Invasion HistoryFirst Non-native North American Tidal Record: 1978
First Non-native West Coast Tidal Record: 1978
First Non-native East/Gulf Coast Tidal Record:
General Invasion History:
Sinocalanus doerri is native to fresh waters of China. The type locality is a pond near Shanghai. This copepod occurs in the Yangtze, Yellow (Huang), and Pearl (Chu) River basins, up to 1000 km from the sea (Orsi et al. 1983).
North American Invasion History:
Invasion History on the West Coast:
On May 31, 1978, Sinocalanus doerri was collected in the Sacramento River, near Pittsburg, California (Orsi et al. 1983). By November 1978, it was found from Collinsville through Suisun Bay, and in the San Joaquin River, near the junction with the Sacramento River at salinities of 0.5 to 10 PSU. In subsequent years, it ranged into eastern San Pablo Bay, and upstream to Mossdale on the San Joaquin River and Hood on the Sacramento River (Orsi et al. 1983). It was later (2000-2001) collected in the Sacramento Turning Basin (Fairey et al. 2002). Abundance and range in the San Francisco estuary varies with rainfall and salinity (Orsi et al. 1983; Ambler 1985). In high rainfall years, its range extends through San Pablo Bay, reaching the central Bay (Bollens et al. 2011). It has been collected at 14.6 PSU, but is much more abundant at 0.5-6 PSU (Orsi et al. 1983). From peak abundances in the early 80s, this copepod has declined into the 90s, with some recovery in the late 90s to 2005 (Baxter et al 2008).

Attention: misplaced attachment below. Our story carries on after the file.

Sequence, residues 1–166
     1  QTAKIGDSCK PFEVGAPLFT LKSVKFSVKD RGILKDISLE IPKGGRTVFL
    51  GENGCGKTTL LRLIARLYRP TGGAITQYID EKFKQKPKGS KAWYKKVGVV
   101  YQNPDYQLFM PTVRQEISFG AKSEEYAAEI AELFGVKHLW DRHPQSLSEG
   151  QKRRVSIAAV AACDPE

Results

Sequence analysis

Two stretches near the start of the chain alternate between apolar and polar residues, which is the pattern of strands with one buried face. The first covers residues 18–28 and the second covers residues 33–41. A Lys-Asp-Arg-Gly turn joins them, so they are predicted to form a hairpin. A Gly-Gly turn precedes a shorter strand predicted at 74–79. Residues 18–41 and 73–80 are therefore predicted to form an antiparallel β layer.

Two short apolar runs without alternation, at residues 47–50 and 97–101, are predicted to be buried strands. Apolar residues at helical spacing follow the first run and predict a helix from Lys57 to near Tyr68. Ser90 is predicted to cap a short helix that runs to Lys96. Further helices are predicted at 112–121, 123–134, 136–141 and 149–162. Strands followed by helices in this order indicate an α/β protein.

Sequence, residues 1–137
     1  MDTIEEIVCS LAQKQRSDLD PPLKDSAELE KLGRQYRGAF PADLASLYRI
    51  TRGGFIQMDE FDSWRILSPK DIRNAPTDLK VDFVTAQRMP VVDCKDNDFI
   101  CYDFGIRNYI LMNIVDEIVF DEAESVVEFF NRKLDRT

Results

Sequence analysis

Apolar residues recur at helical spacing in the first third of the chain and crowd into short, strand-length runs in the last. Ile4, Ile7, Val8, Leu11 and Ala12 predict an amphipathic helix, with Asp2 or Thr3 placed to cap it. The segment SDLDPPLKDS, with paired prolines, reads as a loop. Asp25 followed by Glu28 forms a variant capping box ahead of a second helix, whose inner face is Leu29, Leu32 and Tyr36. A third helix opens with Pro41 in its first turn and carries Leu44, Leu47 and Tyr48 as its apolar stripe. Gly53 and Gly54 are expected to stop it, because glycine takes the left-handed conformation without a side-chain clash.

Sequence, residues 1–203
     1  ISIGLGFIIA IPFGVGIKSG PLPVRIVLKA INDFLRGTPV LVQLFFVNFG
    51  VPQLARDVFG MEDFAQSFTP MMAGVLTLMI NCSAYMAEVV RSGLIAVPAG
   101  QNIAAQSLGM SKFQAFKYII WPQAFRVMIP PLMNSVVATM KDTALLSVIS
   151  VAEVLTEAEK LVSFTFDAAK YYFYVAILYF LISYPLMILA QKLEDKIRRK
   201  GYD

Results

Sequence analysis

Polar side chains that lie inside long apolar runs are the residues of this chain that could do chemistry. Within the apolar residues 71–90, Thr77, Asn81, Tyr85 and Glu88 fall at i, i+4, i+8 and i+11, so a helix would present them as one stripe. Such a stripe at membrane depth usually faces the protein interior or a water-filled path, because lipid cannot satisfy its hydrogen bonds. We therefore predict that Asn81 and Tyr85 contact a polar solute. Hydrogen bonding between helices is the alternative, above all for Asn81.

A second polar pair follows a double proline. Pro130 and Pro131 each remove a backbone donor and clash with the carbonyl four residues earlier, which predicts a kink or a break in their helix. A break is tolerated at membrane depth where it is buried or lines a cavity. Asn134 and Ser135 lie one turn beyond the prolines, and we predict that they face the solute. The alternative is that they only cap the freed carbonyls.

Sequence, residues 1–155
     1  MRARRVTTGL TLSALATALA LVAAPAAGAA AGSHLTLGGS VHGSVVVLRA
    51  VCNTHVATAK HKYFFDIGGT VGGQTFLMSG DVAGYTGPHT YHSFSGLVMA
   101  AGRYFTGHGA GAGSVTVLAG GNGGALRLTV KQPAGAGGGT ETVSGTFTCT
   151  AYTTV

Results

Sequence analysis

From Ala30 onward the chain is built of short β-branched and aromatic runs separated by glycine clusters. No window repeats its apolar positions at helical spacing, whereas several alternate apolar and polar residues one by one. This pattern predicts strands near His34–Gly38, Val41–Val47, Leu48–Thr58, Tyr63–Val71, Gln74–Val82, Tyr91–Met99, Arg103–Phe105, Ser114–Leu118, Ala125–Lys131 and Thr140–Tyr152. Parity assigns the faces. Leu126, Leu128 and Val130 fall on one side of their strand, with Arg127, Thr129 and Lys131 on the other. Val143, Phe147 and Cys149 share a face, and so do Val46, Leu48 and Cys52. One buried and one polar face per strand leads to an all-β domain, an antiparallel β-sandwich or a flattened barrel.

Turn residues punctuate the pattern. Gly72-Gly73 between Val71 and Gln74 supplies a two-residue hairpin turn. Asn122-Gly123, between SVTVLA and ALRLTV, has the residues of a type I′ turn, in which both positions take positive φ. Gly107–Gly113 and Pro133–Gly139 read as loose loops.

Further north, S. doerri was collected in the Columbia River, Oregon in 1999 and was common by 2002. In a 2002 survey, it was found from the Youngs River, near Astoria, to Sauvie Island, near Portland, at 0-4 PSU (Systma et al. 2004). However, it was not found in continous sampling from 2005 to 2013, at Vancouver, Washington, suggesting that it has failed to colonize the upper tidal freshwater Columbia River (Dexter et al. 2015). In 1990, S. doerrii was found in the Chehalis River estuary, near Grays Harbor, Washington, where it is established, but not abundant (USGS Nonindigenous Aquatic Species Program 2007; Cordell et al. 2007). Sinocalanus doerri was the one of the most abundant animals found in low-salinity ballast water in the tanks of ships arriving in Vancouver, British Columbia (Levings et al. 2004). It was also found in the ballast water of ships entering Puget Sound, from other West coast ports, but not in trans-Pacific vessels (Cordell et al. 2008; Lawrence et al. 2010).
Sinocalanus doerrii has an elongate oval body, with the corners of the last (5th) thoracic segment rounded, but with a short, sharp spine. The antennule (1st antenna) is equal in size to its body length. The caudal rami are about equal to 3 urosome segments in length (Orsi et al. 1983).